Press release from Henderson County Public Schools:
New in the 2018-19 school year, Henderson County Public Schools is launching its first cohort of classes taught asynchronously by HCPS teachers to students across the district, effectively establishing the Henderson County Virtual Public School (HCVPS).
Utilizing Google Classrooms, an online educational tool already accessible to all HCPS teachers, HCVPS will provide flexibility and opportunities for students seeking to enrich or supplement their traditional educational program. And, all the courses are taught by teachers within the HCPS district.
“HCVPS utilizes local teachers to expand online learning opportunities for high school students,” said Dr. Jan King, Assistant Superintendent for Curriculum & Instruction. “Through this initiative, students at any high school can access courses such as coding, accounting, forensic science, and creative writing.”
Additional online HCVPS courses include Advanced Placement Psychology and Advanced Placement Spanish, for a total course offering of 20 sections of 16 courses.
“We use courses mapped to district, state and national standards that are developed and delivered by highly-qualified educators within Henderson County Public Schools,” said eLearning Advisor Scott Cowan. He added that HCVPS is promoting best practices for teaching and learning developed by North American Council for Online Learning (NACOL).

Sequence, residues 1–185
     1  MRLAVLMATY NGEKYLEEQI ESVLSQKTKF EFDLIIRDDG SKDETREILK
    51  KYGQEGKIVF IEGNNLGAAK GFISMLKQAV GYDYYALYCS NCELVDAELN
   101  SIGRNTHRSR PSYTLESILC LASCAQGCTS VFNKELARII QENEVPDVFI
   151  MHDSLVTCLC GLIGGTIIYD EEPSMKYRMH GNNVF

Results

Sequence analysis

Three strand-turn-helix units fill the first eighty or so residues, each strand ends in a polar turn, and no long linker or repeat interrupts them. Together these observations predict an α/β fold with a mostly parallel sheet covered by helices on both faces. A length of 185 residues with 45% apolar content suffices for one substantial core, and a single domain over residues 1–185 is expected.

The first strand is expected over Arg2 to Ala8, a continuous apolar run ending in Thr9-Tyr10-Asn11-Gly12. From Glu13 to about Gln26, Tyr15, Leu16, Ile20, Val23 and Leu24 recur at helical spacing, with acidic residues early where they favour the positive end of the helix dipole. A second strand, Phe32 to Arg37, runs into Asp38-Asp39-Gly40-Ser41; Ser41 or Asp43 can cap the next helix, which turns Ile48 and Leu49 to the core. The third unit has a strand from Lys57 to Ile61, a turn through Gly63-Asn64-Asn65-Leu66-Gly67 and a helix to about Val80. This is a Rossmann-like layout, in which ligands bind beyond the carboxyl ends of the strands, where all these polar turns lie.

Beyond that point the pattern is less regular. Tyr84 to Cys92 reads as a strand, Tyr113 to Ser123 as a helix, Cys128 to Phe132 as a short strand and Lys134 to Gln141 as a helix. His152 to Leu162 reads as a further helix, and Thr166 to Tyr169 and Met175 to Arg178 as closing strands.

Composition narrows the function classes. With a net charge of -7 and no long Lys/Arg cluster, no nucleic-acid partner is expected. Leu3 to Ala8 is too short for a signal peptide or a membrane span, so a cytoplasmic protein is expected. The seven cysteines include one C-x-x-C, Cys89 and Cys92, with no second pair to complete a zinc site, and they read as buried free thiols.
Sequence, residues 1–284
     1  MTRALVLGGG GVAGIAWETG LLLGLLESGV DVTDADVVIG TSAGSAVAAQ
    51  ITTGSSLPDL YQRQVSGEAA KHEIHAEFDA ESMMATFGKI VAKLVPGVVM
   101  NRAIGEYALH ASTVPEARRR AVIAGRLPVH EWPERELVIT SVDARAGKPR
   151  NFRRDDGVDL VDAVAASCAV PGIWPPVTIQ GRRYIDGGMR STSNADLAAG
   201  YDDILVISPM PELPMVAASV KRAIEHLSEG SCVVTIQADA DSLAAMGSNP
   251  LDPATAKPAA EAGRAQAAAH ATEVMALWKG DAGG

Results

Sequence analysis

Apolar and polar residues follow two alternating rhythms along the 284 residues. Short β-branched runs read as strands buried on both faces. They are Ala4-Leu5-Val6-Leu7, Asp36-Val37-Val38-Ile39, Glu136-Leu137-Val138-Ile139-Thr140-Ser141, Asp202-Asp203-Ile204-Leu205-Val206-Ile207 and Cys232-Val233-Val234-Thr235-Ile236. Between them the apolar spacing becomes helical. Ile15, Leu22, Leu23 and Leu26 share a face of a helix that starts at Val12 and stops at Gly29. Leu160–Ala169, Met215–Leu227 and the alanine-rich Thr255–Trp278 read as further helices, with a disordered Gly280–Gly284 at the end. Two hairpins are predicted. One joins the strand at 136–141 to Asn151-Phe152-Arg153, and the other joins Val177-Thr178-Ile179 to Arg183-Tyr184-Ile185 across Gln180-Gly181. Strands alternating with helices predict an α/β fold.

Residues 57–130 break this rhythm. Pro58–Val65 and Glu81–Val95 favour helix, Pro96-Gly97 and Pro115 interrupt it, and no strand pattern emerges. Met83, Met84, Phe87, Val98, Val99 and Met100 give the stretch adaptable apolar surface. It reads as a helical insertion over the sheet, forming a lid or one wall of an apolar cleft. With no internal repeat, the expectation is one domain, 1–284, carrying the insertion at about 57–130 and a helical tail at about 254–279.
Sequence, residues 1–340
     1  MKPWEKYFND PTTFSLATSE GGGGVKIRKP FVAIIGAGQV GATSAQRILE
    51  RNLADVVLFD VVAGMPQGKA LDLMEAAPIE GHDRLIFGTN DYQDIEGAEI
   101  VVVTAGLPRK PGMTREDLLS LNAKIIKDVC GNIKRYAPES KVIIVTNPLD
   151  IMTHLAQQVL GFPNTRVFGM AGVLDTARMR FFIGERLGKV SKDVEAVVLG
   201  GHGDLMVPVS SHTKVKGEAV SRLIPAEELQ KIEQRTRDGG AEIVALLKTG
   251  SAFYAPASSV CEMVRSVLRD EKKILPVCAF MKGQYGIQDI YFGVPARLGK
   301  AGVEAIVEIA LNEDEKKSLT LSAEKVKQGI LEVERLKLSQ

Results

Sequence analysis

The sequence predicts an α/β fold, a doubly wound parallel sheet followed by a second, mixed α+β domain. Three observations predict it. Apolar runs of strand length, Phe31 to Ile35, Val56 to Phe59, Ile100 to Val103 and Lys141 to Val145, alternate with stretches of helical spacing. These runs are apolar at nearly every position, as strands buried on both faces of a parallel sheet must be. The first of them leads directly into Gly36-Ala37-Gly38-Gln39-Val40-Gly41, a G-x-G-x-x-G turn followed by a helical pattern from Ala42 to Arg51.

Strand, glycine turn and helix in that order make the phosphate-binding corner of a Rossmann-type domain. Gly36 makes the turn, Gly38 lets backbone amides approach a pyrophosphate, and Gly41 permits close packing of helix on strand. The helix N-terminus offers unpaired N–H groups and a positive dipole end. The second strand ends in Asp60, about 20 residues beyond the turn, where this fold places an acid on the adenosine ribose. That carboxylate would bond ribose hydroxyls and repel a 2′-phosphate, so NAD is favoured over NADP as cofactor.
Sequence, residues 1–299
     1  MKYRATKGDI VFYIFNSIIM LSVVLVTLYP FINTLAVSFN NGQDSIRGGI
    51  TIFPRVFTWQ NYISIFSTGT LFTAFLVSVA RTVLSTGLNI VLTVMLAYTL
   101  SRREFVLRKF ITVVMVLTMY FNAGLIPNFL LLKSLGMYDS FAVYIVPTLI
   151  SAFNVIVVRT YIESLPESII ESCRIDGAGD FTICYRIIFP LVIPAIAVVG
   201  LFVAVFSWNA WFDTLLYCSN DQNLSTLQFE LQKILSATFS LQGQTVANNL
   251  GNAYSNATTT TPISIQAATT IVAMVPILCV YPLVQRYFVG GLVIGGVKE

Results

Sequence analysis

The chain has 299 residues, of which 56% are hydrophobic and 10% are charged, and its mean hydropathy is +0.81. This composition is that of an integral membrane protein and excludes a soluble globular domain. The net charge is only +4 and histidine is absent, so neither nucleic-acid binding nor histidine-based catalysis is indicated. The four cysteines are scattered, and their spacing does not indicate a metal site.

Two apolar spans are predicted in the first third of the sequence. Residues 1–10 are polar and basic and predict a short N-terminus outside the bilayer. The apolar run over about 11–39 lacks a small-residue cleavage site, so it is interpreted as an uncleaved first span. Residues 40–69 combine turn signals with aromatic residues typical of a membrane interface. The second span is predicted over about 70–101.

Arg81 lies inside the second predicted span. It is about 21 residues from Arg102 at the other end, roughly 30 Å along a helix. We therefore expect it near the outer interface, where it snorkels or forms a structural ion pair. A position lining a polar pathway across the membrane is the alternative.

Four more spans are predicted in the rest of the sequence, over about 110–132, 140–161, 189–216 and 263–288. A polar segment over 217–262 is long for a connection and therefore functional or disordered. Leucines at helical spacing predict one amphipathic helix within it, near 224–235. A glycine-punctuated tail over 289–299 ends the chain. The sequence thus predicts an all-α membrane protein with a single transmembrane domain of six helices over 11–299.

Cowan stressed how the online options will provide flexibility for students who want to enrich their educational program, want to take a course not offered at their high school, plan to graduate early, or have medical issues that prevent them from attending classes on high school campuses. The flexibility also allows HCPS to serve those students who have not been successful with previous interventions intended to help them be successful in face-to-face classes, as well as those behind in credits seeking to catch up.
“What is unique about this option compared to other online vendors is that the teachers are just across town – not in Wilmington or Raleigh – if students need onsite support or a parent conference is needed,” said King. “It is an asset to the program that students receive guidance, feedback, and instructional support from a local teacher,” added Cowan.